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Some discussion points for issue 294

From: Ian Jacobs <ij@w3.org>
Date: Wed, 09 Aug 2000 17:07:17 -0400
Message-ID: <3991C805.BFA50A7D@w3.org>
To: w3c-wai-ua@w3.org
CC: tantek@cs.stanford.edu

Issue 294 [1] (raised by Tantek Çelik, cc'd here) is about the scope 
of "native support" and its relation to dynamic updates to software.
Does the definition of native support allow the user agent 
to download modules (that will promote accessibility) from the Web? 
Here is the relevant excerpt from the 28 July Guidelines [2] 
definition of native support:

   A user agent supports a feature natively if it
   does not require another piece of software (e.g.,
   plug-in or external program) for support. 
   Operating system features adopted by the
   user agent to meet the requirements of this
   document are considered part of native support. ...

As is, the definition seems to clearly indicate that downloadable
modules could not be considered native. Here are some notes
on the topic for our discussion this week:

1) Does native support require that a feature be part of 
   the user agent by default? If a user agent feature that
   promotes accessibility is available on the install CD
   but is not installed by default, does that mean that
   it is not supported natively? If "by default" is considered
   part of native support, the document needs to say so.

2) (This point is important for those who think that native
   support does not imply "available by default"): What's the
   difference between installing from the Web and installing
   from a CD?

3) Jon Gunderson and others have pointed out that users cannot
   always install new software or features or modules (e.g., when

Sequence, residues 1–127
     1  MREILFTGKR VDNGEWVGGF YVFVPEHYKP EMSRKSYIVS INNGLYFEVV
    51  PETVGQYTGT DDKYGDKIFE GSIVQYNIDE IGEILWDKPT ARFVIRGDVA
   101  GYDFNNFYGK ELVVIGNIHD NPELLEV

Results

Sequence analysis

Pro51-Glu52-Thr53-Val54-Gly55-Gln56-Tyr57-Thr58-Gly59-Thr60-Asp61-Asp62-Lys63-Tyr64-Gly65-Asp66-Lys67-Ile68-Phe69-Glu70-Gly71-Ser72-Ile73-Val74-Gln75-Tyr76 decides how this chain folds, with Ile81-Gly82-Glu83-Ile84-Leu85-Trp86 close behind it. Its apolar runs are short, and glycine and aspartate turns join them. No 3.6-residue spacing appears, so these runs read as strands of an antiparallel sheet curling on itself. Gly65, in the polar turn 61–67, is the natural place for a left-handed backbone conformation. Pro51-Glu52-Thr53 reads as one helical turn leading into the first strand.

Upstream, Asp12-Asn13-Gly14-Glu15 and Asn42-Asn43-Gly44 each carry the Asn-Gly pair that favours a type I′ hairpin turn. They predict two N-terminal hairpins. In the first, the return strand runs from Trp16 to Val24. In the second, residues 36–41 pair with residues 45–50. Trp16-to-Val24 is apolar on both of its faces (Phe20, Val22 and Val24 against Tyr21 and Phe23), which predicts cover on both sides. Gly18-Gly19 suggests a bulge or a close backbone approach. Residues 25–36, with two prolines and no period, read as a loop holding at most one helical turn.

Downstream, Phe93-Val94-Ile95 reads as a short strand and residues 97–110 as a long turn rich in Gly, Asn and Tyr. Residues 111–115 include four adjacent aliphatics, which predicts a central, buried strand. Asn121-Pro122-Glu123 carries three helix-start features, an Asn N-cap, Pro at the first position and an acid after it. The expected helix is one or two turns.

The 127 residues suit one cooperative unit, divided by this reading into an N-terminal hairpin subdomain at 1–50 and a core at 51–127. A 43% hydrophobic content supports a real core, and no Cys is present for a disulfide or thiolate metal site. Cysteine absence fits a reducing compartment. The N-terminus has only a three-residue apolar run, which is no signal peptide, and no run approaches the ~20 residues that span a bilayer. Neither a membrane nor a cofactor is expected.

they work in a public environment such as a library). This
   argument is not limited to accessibility issues: a user agent
   may be unusable for any number of reasons related to lack of 
   resources. It's the responsibility of the systems team in this
   particular case to ensure that the software is usable. Does this
   mean that it's inacceptable to say "get these modules from the
   Web" just because some users don't have access privileges to
   install those modules? I don't think that that's an accessibility

4) If the UA includes a documented feature that allows users 
   to get and install modules that provide accessibility features
   at the "click of a button", would that count as native support?
   What if this is used as a way to get accessibility features into
   deployed browsers (rather than having to wait for a new release)?

5) If downloading modules is considered acceptable in some
   circumstances, the UA must already be accessible enough
   to allow users to  download those modules.

 - Ian

[1] http://server.rehab.uiuc.edu/ua-issues/issues-linear.html#294
[2] http://www.w3.org/WAI/UA/WD-UAAG10-20000728
Ian Jacobs (jacobs@w3.org)   http://www.w3.org/People/Jacobs
Tel:                         +1 831 457-2842
Cell:                        +1 917 450-8783
Received on Wednesday, 9 August 2000 17:07:26 UTC

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